Jojoba oil is often used as a carrier oil in aromatherapy because it has a very subtle fragrance that easily takes on the scent of other ingredients it is mixed with. The natural fragrance of jojoba oil has been described as smoky, nutty, and even slightly similar to bacon.
However, because jojoba oil does not have a strong smell of its own, it is often used as a base for natural perfumes. Its natural fixative properties make it an ideal base for perfumes because it helps the natural aromas from other ingredients to shine.
When making perfume oils, it’s important to add the base first, followed by the heart notes and then the head notes. Jojoba oil is a popular choice for perfume oils because it is a skin-loving oil that is leaner and closer to the skin than traditional alcohol-based perfumes.
How To Tell If Your Jojoba Oil Has Gone Bad
Jojoba oil has a relatively long shelf life, but it can still expire and go bad. Here are some ways to tell if your jojoba oil has gone bad:
1. Smell: One of the easiest ways to tell if your jojoba oil has expired is to smell it. Fresh, unprocessed jojoba oil hardly has any smell, just a faint earthy or nutty scent. However, expired jojoba oil will give off an unpleasant smell. If your jojoba oil smells rancid or off, it’s time to throw it away.
2. Appearance: Another way to tell if your oil has expired is to note its appearance. Fresh jojoba oil will have a light golden hue. Any changes to the color may mean it has expired.
3. Texture: Rancid jojoba oil will feel sticky and have an off-putting texture.
4. Taste: If you are able to taste the oil, rancid jojoba oil will have a strong and unpleasant flavor.
It’s important to note that exposure to heat, light and air may shorten the lifespan of your jojoba oil. Normally, jojoba oil will stay fresh for as long as 2 years before it expires. If you are not sure if your jojoba oil has gone bad, it’s best to throw it out and get a new bottle.
Using Jojoba Oil In Aromatherapy
Jojoba oil is a popular carrier oil in aromatherapy due to its unique properties. While it has a mild and almost imperceptible scent of its own, it easily takes on the fragrance of whatever else it is mixed with. This makes it an ideal carrier oil for essential oils in aromatherapy products.
When mixed with essential oils, jojoba oil can help enhance their therapeutic properties and provide a calming and soothing effect. It is also gentle on the skin and helps to moisturize and nourish it.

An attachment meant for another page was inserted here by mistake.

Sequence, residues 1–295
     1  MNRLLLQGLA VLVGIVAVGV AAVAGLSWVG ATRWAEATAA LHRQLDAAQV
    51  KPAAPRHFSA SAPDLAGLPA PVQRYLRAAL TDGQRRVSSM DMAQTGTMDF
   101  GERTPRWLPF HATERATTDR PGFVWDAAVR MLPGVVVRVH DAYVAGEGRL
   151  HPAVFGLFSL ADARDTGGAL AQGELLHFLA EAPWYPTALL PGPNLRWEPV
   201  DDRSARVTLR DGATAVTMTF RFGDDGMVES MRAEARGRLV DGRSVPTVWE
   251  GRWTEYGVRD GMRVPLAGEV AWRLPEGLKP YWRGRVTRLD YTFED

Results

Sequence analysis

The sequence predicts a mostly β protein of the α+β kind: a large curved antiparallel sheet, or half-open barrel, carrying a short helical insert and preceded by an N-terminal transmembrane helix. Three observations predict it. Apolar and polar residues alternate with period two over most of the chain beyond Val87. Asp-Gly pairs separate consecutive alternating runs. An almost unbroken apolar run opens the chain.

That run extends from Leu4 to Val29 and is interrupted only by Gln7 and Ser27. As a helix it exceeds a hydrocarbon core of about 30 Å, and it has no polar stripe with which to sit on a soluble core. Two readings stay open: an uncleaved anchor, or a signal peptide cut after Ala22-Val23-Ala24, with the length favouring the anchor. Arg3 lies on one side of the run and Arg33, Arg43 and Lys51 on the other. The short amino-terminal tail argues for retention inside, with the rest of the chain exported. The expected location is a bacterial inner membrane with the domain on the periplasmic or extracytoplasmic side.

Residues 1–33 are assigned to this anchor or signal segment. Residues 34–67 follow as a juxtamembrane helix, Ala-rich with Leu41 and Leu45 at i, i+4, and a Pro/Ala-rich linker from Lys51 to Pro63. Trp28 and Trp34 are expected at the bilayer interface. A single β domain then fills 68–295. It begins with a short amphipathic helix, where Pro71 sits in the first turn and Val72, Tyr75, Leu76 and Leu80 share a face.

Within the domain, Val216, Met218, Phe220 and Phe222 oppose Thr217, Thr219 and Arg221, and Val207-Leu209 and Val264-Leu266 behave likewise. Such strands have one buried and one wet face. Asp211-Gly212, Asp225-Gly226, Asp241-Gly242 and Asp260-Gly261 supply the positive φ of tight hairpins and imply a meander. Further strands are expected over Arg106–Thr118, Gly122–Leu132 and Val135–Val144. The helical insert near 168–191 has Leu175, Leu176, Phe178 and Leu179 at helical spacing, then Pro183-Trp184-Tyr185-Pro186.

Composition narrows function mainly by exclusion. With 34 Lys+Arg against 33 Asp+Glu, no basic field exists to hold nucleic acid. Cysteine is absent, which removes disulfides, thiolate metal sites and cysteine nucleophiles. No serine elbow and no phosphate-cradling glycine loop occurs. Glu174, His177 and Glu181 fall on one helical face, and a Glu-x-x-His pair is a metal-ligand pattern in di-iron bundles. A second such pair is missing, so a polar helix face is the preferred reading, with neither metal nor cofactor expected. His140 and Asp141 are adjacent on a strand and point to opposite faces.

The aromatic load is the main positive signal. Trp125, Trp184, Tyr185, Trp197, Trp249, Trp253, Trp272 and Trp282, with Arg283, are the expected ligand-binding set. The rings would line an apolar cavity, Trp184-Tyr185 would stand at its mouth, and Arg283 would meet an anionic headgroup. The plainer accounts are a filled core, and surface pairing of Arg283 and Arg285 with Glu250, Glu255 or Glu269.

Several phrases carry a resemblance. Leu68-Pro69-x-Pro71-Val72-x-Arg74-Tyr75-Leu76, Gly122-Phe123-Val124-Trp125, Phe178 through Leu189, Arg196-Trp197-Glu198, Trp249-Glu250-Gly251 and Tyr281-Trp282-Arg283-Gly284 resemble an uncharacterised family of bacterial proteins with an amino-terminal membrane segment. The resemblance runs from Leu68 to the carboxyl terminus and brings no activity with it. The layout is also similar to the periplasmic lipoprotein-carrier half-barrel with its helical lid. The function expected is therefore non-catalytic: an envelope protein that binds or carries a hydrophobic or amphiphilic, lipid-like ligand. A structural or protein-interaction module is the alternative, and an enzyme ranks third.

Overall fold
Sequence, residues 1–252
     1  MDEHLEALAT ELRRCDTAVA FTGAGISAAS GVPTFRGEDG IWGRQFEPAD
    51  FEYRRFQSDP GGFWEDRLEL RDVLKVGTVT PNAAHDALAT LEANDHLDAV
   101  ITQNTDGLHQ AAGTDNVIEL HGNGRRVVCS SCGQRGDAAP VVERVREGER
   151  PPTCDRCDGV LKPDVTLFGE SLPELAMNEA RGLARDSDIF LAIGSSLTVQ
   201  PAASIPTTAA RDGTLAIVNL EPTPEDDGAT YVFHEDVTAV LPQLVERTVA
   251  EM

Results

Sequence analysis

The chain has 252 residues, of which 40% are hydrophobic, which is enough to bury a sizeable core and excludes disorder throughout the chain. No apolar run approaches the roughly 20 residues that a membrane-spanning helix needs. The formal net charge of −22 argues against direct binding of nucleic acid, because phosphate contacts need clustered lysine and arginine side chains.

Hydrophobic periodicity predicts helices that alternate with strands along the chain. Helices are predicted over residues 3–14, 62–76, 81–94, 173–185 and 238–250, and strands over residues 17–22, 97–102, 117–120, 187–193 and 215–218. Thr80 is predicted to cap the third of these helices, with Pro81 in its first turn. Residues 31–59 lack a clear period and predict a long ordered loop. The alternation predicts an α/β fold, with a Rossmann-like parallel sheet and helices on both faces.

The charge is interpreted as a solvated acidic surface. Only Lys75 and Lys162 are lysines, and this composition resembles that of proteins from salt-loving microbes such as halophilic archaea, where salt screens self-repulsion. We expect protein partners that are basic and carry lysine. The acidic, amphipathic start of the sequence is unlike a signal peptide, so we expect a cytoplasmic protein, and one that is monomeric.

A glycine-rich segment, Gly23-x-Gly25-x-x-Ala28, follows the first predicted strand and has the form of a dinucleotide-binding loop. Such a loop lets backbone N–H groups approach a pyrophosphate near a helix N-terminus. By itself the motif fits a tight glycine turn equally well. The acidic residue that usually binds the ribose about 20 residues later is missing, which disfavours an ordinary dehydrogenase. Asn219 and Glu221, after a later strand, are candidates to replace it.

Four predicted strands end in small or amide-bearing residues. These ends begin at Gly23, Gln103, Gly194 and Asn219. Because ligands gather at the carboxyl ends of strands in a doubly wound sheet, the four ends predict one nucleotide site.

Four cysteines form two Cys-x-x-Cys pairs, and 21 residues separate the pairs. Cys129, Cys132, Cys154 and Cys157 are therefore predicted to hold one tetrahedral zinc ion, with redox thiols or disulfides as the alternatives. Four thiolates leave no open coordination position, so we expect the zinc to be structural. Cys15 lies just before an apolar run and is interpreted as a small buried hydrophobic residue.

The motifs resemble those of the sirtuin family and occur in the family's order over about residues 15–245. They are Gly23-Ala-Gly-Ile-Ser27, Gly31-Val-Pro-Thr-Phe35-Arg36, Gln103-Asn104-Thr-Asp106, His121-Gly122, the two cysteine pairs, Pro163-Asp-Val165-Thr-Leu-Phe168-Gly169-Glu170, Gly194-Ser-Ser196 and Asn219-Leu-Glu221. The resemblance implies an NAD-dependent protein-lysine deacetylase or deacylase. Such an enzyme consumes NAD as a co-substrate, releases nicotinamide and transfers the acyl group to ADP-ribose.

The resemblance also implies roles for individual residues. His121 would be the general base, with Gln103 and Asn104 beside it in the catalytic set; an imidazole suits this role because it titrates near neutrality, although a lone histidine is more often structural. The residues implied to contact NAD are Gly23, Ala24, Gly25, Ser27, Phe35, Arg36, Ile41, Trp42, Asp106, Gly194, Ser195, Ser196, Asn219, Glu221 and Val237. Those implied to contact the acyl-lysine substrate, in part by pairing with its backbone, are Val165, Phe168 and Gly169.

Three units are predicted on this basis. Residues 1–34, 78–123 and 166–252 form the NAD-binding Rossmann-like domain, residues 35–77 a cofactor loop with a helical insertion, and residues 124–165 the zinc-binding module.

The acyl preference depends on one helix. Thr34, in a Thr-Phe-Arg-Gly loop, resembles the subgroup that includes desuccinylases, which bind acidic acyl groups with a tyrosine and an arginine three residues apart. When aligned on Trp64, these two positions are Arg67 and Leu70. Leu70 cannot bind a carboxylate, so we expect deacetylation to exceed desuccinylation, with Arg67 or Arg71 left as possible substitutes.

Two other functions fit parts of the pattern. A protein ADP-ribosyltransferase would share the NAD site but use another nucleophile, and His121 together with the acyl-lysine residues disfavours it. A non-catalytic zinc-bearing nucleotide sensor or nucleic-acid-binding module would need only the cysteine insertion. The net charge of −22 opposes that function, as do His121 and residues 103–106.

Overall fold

To use jojoba oil in aromatherapy, simply mix it with your favorite essential oils and apply it to the skin or use it in a diffuser. You can also add a few drops to your bathwater for a relaxing and rejuvenating experience.
Conclusion: The Versatile And Pleasantly Scented Jojoba Oil
Jojoba oil may not have a strong fragrance of its own, but it is highly versatile and can easily take on the scent of other ingredients it is mixed with. This makes it a popular choice as a carrier oil for essential oils in aromatherapy products, as well as in massage oils and aromatic lotions, creams, and cleansers. Jojoba oil’s natural fixative properties also make it an ideal base for natural perfumes.
In addition to its pleasant scent, jojoba oil has a wide range of pharmacological applications, including antioxidant, anti-acne and antipsoriasis, anti-inflammatory, antifungal, antipyretic, analgesic, antimicrobial, and anti-hyperglycemia activities. It is widely used in the pharmaceutical industry, especially in cosmetics for topical, transdermal, and parenteral preparations. Jojoba oil is also valued in the industry as an anti-rodent, insecticide, lubricant, surfactant, and a source for the production of bioenergy.
Furthermore, recent studies have shown that JD Jojoba Oil can stabilize fragrance materials by decelerating their evaporation rate. This means that when used as an ingredient in cosmetic products that contain some amount of oil, the scent can last longer even if highly volatile perfumes are used.